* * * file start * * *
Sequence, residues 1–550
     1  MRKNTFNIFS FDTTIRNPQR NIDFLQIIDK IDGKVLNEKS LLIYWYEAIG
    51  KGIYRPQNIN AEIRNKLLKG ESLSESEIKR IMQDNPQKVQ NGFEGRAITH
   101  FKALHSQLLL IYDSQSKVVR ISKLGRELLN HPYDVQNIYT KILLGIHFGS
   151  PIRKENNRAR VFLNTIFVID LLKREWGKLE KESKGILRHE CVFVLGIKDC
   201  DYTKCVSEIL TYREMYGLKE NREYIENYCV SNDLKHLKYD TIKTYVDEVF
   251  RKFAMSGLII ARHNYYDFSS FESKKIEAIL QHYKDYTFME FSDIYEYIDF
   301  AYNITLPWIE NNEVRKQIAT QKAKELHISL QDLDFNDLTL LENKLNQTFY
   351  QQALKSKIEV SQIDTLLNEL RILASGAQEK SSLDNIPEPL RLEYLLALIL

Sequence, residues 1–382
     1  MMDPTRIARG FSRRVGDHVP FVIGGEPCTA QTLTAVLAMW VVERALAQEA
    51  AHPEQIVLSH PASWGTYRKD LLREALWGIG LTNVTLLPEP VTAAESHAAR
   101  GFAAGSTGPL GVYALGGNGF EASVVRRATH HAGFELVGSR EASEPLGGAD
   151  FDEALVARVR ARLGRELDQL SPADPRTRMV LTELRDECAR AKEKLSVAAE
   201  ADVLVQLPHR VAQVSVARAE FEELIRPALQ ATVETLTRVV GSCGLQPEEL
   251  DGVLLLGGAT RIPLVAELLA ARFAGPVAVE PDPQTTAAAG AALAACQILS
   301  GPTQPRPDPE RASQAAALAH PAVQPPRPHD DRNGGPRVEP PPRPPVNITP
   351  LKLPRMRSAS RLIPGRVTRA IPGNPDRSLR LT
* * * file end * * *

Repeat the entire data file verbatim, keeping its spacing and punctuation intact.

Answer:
Sequence, residues 1–550
     1  MRKNTFNIFS FDTTIRNPQR NIDFLQIIDK IDGKVLNEKS LLIYWYEAIG
    51  KGIYRPQNIN AEIRNKLLKG ESLSESEIKR IMQDNPQKVQ NGFEGRAITH
   101  FKALHSQLLL IYDSQSKVVR ISKLGRELLN HPYDVQNIYT KILLGIHFGS
   151  PIRKENNRAR VFLNTIFVID LLKREWGKLE KESKGILRHE CVFVLGIKDC
   201  DYTKCVSEIL TYREMYGLKE NREYIENYCV SNDLKHLKYD TIKTYVDEVF
   251  RKFAMSGLII ARHNYYDFSS FESKKIEAIL QHYKDYTFME FSDIYEYIDF
   301  AYNITLPWIE NNEVRKQIAT QKAKELHISL QDLDFNDLTL LENKLNQTFY
   351  QQALKSKIEV SQIDTLLNEL RILASGAQEK SSLDNIPEPL RLEYLLALIL

Sequence, residues 1–382
     1  MMDPTRIARG FSRRVGDHVP FVIGGEPCTA QTLTAVLAMW VVERALAQEA
    51  AHPEQIVLSH PASWGTYRKD LLREALWGIG LTNVTLLPEP VTAAESHAAR
   101  GFAAGSTGPL GVYALGGNGF EASVVRRATH HAGFELVGSR EASEPLGGAD
   151  FDEALVARVR ARLGRELDQL SPADPRTRMV LTELRDECAR AKEKLSVAAE
   201  ADVLVQLPHR VAQVSVARAE FEELIRPALQ ATVETLTRVV GSCGLQPEEL
   251  DGVLLLGGAT RIPLVAELLA ARFAGPVAVE PDPQTTAAAG AALAACQILS
   301  GPTQPRPDPE RASQAAALAH PAVQPPRPHD DRNGGPRVEP PPRPPVNITP
   351  LKLPRMRSAS RLIPGRVTRA IPGNPDRSLR LT